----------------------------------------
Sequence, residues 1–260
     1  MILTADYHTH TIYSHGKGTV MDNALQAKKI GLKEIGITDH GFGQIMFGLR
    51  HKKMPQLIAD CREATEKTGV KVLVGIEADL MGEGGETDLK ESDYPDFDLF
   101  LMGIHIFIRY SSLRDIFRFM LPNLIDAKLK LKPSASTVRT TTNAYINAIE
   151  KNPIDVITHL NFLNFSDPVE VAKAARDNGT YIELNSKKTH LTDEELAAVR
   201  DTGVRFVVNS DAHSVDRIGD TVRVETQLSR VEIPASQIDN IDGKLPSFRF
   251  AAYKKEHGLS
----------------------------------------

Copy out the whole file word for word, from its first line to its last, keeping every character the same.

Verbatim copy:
Sequence, residues 1–260
     1  MILTADYHTH TIYSHGKGTV MDNALQAKKI GLKEIGITDH GFGQIMFGLR
    51  HKKMPQLIAD CREATEKTGV KVLVGIEADL MGEGGETDLK ESDYPDFDLF
   101  LMGIHIFIRY SSLRDIFRFM LPNLIDAKLK LKPSASTVRT TTNAYINAIE
   151  KNPIDVITHL NFLNFSDPVE VAKAARDNGT YIELNSKKTH LTDEELAAVR
   201  DTGVRFVVNS DAHSVDRIGD TVRVETQLSR VEIPASQIDN IDGKLPSFRF
   251  AAYKKEHGLS